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The Power of CloudBees Procedures

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Written by Joshua Kling
Published on January 12, 2022

What are Procedures in CloudBees SDA?

In CloudBees SDA, procedures are the basis for reusable code. Any engineer familiar with setting up CD pipelines knows the irritation of re-coding the same task in a multitude of different ways for different teams. With procedures, this can be done once with a limited number of inputs and outputs, then simply dragged-and-dropped right where it needs to be.

How do I use CloudBees SDA Procedures?

Setting up a procedure is a simple process. At its simplest, all you need is a working resource and some kind of task to accomplish. For example, let’s say we want to set up a procedure to return the output of an ls command. We’ll need an input parameter, output parameter, and a command to run.

Open up the procedures tab and create a new one. In my example we’ll just use the default project and local resource.

PowerOfProcedure

From there, we need to set up the input and output parameters. The menu in the upper right has both of these, open it and select “parameters”, then create a new input parameter. We’ll call this one “path”, with a label “Path”, and click the checkbox to mark it as not required. This is a text entry parameter, and should be optional. Hit ok and select output parameters, then create a new one. We’ll call this one “ls”. Think of these two parameters as the external input and output pipes when this procedure is run.

PowerOfProcedure 

Hit ok, then create a new step in the main window. This will be the task that does the actual work, we’ll call it “GetLs”. Go to the definition of this step and ensure it’s a command. From there, we need to put “ec-groovy” in the shell, so it will run in the groovy console. The final step is to give it a command to run. Here is the command we will use:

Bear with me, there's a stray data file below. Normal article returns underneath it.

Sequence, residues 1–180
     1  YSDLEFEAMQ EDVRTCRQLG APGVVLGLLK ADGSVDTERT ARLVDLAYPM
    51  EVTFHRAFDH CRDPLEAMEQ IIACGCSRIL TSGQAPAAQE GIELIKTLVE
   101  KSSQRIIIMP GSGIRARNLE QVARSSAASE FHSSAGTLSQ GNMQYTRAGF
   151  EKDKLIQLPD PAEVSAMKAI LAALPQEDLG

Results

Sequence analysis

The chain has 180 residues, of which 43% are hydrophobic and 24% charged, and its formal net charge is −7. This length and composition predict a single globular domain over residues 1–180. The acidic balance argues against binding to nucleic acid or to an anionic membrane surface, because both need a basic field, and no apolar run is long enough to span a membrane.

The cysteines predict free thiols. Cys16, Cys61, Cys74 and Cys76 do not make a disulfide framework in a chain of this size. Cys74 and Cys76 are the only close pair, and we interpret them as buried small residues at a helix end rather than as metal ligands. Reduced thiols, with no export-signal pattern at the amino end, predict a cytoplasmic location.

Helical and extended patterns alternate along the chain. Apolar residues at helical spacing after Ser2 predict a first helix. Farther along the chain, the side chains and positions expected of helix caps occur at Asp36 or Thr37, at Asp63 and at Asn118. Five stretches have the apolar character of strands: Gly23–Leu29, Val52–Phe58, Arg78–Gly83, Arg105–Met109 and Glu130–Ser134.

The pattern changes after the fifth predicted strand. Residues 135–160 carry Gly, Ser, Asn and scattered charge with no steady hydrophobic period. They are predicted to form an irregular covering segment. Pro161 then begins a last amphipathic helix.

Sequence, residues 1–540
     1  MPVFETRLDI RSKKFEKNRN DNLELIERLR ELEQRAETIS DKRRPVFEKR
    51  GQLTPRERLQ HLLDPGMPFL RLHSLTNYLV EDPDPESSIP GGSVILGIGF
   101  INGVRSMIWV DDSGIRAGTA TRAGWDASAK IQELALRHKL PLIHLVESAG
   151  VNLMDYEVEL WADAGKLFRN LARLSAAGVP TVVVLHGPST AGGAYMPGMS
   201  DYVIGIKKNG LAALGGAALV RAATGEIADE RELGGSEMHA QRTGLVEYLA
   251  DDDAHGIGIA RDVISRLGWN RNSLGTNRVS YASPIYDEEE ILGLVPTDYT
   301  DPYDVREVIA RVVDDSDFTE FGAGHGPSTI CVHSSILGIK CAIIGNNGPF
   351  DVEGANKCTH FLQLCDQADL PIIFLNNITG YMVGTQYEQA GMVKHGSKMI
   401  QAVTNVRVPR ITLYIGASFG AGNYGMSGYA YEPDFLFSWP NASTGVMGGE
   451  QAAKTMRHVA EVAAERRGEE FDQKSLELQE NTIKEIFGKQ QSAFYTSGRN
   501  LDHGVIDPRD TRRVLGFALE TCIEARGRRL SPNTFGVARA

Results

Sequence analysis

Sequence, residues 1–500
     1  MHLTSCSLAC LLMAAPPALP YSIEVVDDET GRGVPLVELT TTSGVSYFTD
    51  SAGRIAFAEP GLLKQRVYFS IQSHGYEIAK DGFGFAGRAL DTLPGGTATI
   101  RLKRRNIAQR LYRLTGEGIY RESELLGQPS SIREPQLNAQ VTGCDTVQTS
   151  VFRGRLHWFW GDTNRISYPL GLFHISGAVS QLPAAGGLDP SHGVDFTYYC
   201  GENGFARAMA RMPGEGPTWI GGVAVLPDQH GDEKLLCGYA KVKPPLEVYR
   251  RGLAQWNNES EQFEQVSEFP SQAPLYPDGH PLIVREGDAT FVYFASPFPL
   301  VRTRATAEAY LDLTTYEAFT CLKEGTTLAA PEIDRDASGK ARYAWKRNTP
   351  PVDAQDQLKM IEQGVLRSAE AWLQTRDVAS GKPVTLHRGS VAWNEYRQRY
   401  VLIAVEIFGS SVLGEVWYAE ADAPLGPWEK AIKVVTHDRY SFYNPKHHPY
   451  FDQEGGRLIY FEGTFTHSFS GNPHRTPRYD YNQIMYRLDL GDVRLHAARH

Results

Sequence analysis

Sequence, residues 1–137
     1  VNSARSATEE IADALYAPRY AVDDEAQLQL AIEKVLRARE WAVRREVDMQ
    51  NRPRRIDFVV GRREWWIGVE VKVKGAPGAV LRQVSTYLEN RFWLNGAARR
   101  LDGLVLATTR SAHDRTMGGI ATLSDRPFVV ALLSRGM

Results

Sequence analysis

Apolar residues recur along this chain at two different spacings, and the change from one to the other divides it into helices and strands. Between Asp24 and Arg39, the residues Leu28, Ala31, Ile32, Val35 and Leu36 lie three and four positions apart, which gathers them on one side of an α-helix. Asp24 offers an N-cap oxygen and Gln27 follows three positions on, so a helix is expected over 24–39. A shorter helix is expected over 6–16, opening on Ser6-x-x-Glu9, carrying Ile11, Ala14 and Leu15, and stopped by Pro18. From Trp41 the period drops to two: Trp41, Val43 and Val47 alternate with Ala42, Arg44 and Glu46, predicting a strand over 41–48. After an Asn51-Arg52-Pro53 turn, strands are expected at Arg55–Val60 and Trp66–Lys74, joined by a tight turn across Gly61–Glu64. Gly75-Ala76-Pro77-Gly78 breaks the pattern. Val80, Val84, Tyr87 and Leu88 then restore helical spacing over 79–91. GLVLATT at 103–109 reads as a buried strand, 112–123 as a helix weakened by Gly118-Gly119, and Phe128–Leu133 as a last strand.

____________________________________________

import com.electriccloud.client.groovy.ElectricFlow
import com.electriccloud.client.groovy.apis.model.*

ElectricFlow ef = new ElectricFlow()

//set command to run
def command = "ls -al " + "$[path]"

//execute command and get output
def ls = command.execute().text

//log output
println(ls)

//set result to output parameter
def result = ef.setOutputParameter(outputParameterName: 'ls', value: ls)

____________________________________________

Input this into the command line and click OK. From there, you can run the procedure with the play button in the upper-right corner. The procedure will ask for the optional input parameter and run the command, then kick the output to the output parameter. Clicking on the task and log will show the results.

PowerOfProcedure

Use in a pipeline

So now we’ve got a procedure that does a task on its own, how can we deploy this from within a pipeline context? Luckily, this is a very simple task. Open up the pipeline that will use this procedure and create a new task. Select procedure, and navigate to the “GetLs” procedure we just wrote. From here you can change the input path and how the output parameter can be stored in the stage summary. Please note that the input parameter can be a static input, or another parameter/property updated dynamically.

PowerOfProcedure

Run the pipeline normally and you’ll be able to see the output on the task run screen. To use this information in other pipeline tasks, you can use the property picker (upper-right corner of any command screen) to select the output parameter and easily get the necessary path to use it.

PowerOfProcedure

Conclusion

In general, if I find myself performing any task more than once in SDA, I will immediately look to how I could use it in a procedure instead. It’s a powerful way to simplify code, increase readability, and improve consistency all at once. With these techniques at your disposal, you’ll be able to create extensible tasks that other members of your team can use without your input.

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